Enrichment: The Real Recipe For a Tired Dog
“A tired dog is a good dog”. We’ve all heard the saying. A better phrase would be “a tired dog is a well-behaved dog.” For the most part this is true. What many people are now learning is that enticing them with challenges and activities that work their brain rather than cutting them loose at a park, is a much quicker route to that tired, well-behaved, calm dog we all long for. At Dog Tired we use “dog enrichment” along with the traditional running and chasing that takes place in group play at our doggie daycare. Most people still believe the best way to tire out a dog is through physical exercise. We tend to forget how intelligent these animals are. They need to exercise their brain and use their body to get true mental stimulation. We use activities that require strong focus and attention from dogs to put that intelligent brain to use. Believe it or not these activities will tire your dog much faster than running after a ball in a half hour game of fetch. Mental stimulation enriches a dog’s life by presenting them with something meaningful and challenging to do. And since these activities alleviate boredom they decrease the likelihood of the dog developing behavioral issues such as excessive barking or chewing. There are tons of activities that could be used to make a dog problem solve or “brain games”. Here are a couple simple and easy games that can get you started down that path to a calm, happy state of mind.
When it comes to canine enrichment it doesn’t get any easier than using a frozen stuffed Kong. Easy to prepare, and they’ll keep your dog enticed long enough for a relaxing break for yourself.. Giving your dog a frozen treat may seem overly simple, but don’t underestimate the amount of effort he will put forth to finish it. Doing this is mentally stimulating, and keeps your dog engaged. It’s as simple as filling it up with treats, yogurt, or peanut butter, in the evening and letting it freeze overnight. The next day you’ve got an interactive toy that will keep your dog busy for at least 20 minutes.
Another wonderful activity is a “nose work” game. Nose work is very reliable for keeping your dog mentally stimulated, while using their enhanced sniffing abilities. A simple game to start would be the “which hand” game. With a couple treats, have your dog sit in front of you, while noticing that you have treats in your hand. Let him watch as you place one treat in one hand behind your back. Extend both of your hands out with closed fists and say “which hand.” If your dog gets it right away and points his nose at the correct hand, let him have the treat. If he chooses the wrong hand, open it and show him the empty hand and ask “which hand” again. You will see a clear “nose point” to the hand. At first your dog may be relying on visual cues, but after a few rounds he’ll start figuring out that he can easily smell it in your hand. When he’s mastered that you can move on to a more complicated nose work game such as “go find it”. Get some smelly treats and have him sit in the stay position while you go off and hide the treats around the house. If you can’t get him to remain in the “stay” position, use a gate or have him in another room while you do the hiding. When he comes out make a big deal about the game to get him exited and associate finding those first treats with this fun game. Just say “go find it” or “find the treats”. Keep it fun and encouraging for your dog by praising him when he finds a treat. It won’t be long before he knows exactly what “go find it” means.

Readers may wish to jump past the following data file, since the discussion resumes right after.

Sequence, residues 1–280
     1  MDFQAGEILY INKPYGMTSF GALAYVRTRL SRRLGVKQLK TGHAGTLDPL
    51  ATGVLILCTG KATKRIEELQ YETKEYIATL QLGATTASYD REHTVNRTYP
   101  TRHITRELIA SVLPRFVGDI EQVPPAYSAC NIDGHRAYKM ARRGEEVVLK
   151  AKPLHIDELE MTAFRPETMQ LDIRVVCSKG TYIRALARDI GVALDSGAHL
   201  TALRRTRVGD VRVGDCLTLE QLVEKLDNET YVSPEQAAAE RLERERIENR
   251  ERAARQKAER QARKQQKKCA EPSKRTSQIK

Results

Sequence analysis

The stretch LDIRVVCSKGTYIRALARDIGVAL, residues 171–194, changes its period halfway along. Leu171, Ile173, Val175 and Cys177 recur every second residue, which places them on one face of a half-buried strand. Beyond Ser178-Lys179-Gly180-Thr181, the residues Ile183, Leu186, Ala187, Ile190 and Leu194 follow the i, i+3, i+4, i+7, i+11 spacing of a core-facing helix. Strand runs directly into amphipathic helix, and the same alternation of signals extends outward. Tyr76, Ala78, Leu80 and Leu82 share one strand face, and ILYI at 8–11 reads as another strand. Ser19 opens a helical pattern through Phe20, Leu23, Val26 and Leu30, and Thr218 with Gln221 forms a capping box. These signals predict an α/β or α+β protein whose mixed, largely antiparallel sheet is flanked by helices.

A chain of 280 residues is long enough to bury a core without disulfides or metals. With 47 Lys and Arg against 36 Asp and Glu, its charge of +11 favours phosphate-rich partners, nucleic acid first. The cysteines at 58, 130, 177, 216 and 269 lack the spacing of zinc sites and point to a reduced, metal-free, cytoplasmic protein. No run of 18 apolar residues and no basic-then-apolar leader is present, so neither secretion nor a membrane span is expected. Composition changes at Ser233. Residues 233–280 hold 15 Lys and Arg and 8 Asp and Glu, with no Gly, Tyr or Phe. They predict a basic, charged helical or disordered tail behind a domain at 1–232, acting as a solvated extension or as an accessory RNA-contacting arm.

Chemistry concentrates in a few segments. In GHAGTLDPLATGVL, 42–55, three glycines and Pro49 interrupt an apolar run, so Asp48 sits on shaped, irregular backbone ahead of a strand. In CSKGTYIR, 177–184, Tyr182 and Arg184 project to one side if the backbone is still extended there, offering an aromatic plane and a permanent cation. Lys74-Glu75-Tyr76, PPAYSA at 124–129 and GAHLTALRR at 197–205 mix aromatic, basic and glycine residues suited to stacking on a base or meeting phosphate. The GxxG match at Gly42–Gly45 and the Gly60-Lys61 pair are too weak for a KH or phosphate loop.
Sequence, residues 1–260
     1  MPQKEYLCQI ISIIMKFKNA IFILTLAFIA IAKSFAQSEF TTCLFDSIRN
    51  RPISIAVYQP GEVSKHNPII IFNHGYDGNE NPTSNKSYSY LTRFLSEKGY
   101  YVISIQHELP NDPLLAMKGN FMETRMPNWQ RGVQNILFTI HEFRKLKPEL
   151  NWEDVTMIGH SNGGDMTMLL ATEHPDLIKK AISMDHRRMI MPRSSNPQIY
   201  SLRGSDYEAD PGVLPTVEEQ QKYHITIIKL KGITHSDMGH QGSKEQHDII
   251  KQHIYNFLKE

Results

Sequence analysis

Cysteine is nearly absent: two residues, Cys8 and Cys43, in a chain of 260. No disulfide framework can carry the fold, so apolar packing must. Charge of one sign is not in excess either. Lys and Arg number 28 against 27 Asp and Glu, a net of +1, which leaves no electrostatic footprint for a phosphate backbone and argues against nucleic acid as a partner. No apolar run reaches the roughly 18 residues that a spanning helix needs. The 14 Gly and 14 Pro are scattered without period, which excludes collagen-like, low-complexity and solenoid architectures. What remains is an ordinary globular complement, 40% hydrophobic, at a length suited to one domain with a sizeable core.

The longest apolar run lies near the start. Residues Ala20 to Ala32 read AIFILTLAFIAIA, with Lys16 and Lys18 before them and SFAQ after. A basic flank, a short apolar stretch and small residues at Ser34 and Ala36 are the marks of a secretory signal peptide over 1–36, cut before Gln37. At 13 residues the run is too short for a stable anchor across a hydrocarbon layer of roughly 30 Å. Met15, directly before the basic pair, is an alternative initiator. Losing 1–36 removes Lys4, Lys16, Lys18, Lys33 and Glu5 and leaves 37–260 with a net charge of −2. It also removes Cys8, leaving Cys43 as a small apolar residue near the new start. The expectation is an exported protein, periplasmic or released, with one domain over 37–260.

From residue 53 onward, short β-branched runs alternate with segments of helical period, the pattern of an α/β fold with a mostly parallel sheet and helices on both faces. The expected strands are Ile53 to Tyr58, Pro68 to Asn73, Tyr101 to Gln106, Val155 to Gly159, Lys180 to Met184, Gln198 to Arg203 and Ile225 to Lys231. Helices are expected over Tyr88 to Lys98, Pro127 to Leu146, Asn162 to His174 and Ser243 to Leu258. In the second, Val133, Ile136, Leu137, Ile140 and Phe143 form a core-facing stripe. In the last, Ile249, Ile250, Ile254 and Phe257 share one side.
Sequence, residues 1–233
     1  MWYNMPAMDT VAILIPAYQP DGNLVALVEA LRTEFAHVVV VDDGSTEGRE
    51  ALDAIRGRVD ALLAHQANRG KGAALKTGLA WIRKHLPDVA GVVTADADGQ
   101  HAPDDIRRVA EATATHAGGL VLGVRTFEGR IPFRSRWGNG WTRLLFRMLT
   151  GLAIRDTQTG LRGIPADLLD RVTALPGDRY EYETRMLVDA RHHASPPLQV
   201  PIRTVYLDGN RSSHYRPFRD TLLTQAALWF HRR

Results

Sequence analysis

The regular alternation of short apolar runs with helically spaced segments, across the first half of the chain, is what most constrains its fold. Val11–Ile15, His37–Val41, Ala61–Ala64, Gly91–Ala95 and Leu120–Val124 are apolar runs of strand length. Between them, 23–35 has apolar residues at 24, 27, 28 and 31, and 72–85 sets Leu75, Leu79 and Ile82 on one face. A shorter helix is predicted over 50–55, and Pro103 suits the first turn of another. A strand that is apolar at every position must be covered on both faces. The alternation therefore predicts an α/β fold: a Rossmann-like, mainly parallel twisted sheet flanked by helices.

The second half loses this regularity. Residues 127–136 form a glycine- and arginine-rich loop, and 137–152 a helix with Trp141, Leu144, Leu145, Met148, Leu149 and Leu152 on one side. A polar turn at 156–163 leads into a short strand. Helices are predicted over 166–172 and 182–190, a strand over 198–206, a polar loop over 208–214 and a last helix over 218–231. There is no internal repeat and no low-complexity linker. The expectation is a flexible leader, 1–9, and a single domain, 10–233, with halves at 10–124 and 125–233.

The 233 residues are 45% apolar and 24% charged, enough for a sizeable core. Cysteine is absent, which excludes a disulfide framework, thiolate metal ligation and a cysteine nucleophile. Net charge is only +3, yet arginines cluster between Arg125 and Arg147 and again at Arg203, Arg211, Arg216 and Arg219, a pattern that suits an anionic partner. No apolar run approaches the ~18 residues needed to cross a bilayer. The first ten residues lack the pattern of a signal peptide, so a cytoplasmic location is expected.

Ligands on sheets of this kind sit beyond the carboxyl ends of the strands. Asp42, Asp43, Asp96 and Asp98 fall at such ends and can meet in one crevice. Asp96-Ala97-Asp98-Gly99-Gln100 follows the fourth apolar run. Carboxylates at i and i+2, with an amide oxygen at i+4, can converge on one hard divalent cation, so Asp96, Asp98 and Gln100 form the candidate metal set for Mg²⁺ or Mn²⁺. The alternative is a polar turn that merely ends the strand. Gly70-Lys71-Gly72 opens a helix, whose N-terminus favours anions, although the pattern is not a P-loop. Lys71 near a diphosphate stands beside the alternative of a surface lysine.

If you’re giving your dog plenty of physical exercise but they’re still ‘amped up’ acting like a lunatic, try using these mentally stimulating activities. Soon you will notice, rather than bugging you every 20 minutes for more attention, he’ll start to settle down for an hour or two at a time. Finding the right balance of physical and mental exercise for your dog will not only enrich his life, but yours as well.
by Jason Aft